No one would ever accuse me of being a data geek, although nearly all of my newspaper stories over 17 years relied on numbers in some way.
I started my career in sports, for goodness sakes. Nothing gets more number-numbing than that.
As a business writer it was hard to write anything that wasn’t data sourced. City government, the courts, investigations — all had their own version of data crunching. I did all that and respected the data.
Data is once again center stage in journalism. It’s a cycle. I remember when data was big in the ‘80s. We called it computer-assisted reporting. Data was treated like the Holy Grail. I looked frequently at the Grail but mostly drank from my comforting Solo cup.
The reality is that data never went completely out of style. Good journalism has never abandoned the value of statistical information, although many times we’ve been asked to treat it as a means to an end, something that pumps up a story, not leads it.
Today, we toss out buzzwords like “analytics” and “metrics” as we strut our spreadsheets back into vogue.
This leads me to a couple of weeks ago when I helped with a data-crunching session for the National Association of Science Writers in Columbus. Kiplinger offers a training session on using Google Fusion Tables to make numbers less intimidating and to show how they can be the perfect instrument to guide reporting. Designed by Director Doug Haddix, a data aficionado, it’s a huge hit in this data-scraping and visualization world.
The most recent session, led by Columbus Dispatch reporter Jennifer Smith Richards, covered data in four forms: baseball salaries, gun ownership, county census and Baltimore homicide rates. The science writers loved it. It was informative and data nirvana for them.
At the end, I took a couple of minutes to talk about the use of numbers, and we had a productive discussion about how data can be dangerous at worst, misleading at a minimum, without proper context. Good journalism is about providing that service.
“Journalists are the perfect people for doing this, “ I said. “The difference between you and someone on the Internet, Facebook, pushing out raw statistics, is that you have an understanding about how to put those numbers into perspective and context.”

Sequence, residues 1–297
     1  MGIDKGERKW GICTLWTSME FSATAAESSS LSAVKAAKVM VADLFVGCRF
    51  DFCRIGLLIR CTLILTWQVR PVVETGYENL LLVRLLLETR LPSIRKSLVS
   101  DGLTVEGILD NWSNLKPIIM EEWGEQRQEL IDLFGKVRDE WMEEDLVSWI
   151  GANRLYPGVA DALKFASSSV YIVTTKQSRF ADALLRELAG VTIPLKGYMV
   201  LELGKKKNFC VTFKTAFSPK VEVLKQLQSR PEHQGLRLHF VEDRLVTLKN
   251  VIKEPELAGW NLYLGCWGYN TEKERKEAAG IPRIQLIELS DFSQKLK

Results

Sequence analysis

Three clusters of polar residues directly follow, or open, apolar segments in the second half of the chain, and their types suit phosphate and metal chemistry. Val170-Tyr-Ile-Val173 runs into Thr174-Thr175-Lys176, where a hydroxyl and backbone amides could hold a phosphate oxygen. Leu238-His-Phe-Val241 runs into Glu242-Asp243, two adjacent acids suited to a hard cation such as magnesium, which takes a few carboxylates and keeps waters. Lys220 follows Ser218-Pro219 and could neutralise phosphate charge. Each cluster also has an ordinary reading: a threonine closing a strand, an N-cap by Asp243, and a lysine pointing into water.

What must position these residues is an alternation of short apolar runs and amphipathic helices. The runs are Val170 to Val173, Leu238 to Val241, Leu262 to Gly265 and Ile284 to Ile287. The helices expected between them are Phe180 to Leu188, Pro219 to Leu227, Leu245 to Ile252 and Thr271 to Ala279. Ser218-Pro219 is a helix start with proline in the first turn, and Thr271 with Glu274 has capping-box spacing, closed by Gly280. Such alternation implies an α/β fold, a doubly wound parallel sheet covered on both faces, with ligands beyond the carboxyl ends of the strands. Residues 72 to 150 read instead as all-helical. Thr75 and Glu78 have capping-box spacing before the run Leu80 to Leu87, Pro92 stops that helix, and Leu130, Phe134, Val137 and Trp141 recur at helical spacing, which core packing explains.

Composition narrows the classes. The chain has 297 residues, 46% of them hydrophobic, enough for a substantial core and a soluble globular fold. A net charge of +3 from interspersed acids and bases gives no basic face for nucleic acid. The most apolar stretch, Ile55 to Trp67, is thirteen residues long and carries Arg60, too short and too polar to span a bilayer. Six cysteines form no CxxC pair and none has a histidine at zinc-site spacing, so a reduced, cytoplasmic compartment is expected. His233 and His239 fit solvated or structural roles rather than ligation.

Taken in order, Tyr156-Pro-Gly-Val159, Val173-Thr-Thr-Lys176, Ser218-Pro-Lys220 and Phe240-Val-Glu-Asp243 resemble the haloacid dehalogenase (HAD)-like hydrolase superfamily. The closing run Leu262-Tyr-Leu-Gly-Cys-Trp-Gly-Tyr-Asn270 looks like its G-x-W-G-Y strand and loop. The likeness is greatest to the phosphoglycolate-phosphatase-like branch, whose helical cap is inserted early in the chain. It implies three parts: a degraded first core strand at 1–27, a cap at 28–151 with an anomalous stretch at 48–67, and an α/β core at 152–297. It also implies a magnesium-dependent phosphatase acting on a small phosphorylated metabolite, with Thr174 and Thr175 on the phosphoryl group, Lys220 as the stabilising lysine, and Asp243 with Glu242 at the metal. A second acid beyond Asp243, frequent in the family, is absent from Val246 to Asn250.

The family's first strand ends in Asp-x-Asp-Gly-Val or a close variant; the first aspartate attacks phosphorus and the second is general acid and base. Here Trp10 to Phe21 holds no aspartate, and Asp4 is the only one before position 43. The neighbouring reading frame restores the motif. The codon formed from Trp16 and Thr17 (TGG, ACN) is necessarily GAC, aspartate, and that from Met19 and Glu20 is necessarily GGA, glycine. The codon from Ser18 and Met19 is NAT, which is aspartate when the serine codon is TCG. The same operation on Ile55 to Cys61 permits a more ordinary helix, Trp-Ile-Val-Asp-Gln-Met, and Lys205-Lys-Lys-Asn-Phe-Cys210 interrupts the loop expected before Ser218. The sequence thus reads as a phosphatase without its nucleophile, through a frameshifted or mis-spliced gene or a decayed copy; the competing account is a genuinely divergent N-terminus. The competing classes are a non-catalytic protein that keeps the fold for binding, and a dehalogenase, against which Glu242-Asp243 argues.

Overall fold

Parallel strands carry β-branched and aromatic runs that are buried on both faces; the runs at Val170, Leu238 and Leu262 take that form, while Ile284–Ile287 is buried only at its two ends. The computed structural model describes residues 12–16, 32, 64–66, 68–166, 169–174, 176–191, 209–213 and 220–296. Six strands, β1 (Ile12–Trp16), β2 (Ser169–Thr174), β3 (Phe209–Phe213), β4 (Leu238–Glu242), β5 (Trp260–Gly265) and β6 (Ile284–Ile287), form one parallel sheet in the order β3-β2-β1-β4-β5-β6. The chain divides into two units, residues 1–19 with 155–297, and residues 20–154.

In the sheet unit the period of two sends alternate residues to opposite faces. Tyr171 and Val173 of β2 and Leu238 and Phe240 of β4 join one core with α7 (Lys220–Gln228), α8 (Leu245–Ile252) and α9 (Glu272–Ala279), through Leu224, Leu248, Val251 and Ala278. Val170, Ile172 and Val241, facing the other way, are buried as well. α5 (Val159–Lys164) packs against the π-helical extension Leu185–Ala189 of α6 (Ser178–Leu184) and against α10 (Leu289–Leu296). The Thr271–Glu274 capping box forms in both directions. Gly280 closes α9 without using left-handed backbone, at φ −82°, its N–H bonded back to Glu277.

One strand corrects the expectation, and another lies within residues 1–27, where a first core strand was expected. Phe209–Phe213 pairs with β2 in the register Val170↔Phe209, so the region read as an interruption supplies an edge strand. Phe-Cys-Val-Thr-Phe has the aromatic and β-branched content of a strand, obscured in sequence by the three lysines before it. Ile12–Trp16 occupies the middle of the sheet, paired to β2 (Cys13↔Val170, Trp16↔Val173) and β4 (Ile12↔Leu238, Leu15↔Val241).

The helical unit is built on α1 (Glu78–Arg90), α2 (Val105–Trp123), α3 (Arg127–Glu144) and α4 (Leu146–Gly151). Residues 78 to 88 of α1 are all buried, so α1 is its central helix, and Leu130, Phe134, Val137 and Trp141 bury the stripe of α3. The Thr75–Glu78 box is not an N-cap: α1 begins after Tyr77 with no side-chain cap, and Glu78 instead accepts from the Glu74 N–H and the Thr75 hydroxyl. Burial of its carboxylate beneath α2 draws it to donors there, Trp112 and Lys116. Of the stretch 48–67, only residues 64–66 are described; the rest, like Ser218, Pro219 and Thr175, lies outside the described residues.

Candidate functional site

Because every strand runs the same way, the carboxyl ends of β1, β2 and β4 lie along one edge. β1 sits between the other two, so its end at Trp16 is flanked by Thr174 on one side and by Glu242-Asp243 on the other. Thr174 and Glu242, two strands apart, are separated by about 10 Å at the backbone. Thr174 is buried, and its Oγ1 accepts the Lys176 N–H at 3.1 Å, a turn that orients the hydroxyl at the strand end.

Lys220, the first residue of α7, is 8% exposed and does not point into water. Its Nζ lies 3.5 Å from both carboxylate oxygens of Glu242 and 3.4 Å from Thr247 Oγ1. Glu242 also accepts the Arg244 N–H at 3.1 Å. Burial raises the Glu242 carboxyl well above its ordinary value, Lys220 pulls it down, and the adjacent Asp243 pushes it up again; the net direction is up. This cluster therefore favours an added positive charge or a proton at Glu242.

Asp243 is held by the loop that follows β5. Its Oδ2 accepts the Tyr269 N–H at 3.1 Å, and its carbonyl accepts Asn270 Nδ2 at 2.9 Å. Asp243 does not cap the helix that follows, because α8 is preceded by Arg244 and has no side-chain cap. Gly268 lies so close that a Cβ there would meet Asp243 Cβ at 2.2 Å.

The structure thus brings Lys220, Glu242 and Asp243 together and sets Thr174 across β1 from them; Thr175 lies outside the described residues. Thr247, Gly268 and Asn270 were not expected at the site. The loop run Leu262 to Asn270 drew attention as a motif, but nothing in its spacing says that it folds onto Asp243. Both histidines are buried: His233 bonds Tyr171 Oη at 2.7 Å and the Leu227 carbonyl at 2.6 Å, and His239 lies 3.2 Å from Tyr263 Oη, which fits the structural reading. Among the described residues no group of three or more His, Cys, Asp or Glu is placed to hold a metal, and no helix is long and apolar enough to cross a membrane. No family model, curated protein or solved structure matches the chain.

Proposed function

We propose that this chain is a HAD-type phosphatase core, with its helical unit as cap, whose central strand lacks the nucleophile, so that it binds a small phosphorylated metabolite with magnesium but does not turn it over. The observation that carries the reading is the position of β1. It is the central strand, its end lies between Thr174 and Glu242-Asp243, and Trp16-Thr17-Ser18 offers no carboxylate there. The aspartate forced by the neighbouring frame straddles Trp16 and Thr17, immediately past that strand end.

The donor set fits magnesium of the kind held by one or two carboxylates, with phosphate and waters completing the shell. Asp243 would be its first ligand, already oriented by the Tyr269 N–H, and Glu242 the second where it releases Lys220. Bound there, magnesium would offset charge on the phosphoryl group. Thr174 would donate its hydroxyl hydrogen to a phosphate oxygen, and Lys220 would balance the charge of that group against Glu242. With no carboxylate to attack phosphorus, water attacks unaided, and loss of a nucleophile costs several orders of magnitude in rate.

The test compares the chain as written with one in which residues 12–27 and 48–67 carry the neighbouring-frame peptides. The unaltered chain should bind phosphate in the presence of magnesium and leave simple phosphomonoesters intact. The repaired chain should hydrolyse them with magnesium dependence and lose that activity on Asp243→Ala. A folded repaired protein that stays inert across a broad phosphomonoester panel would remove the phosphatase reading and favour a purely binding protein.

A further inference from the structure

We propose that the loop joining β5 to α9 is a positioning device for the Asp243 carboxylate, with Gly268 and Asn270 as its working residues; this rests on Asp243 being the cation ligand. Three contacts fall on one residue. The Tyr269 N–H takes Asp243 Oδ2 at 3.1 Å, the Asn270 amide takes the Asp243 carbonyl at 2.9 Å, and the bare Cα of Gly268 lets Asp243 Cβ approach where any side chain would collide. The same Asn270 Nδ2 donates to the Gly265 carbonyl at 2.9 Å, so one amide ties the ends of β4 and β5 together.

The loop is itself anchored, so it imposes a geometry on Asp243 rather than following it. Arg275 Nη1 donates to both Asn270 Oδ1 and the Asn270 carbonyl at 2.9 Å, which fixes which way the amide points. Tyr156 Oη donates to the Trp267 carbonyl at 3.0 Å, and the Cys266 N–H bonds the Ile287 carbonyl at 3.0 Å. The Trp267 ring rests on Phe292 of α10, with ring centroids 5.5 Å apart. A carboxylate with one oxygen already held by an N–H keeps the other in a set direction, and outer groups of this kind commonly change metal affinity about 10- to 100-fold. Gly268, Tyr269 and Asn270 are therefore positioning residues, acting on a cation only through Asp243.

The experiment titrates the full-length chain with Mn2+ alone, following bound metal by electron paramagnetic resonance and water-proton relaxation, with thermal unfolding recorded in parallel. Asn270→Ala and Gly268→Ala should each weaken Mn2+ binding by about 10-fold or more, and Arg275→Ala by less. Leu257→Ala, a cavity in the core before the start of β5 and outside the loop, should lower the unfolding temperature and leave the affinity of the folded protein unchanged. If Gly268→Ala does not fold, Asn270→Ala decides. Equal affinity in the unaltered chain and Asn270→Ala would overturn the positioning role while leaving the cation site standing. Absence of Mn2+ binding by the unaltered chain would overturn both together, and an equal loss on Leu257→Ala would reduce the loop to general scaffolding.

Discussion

For instance, we learned that Switzerland has the third-highest rate of gun ownership in the world at 45 percent. The peace-loving Swiss? Really? Because, as one astute writer pointed out, every able-bodied male is a member of the volunteer army and, as such, must be equipped.
Without proper context, we wouldn’t understand why counties in North Dakota have the largest percentage population increases in the U.S. It’s because of the oil and natural gas boom taking place there. Same holds true for baseball salaries. The reason salary averages appear higher for designated hitters than, say, pitchers, is because there are fewer of them in that position from which to take the average. The truth is, pitchers generally are better compensated.
If you didn’t know any of that, you might conclude the Swiss are as gun loving as Americans, North Dakota is a popular relocation place for families, and DHs are grossly over paid. You’d be wrong in every case.
“Figures lie and liars figure,” the old saying goes. But, journalists who understand the value of data and add the proper perspective and context serve their highest calling: truth. Here’s to data and its growing popularity, but more so to the journalists who know how to use it the right way.
(Kevin Z. Smith is the deputy director of the Kiplinger Program.)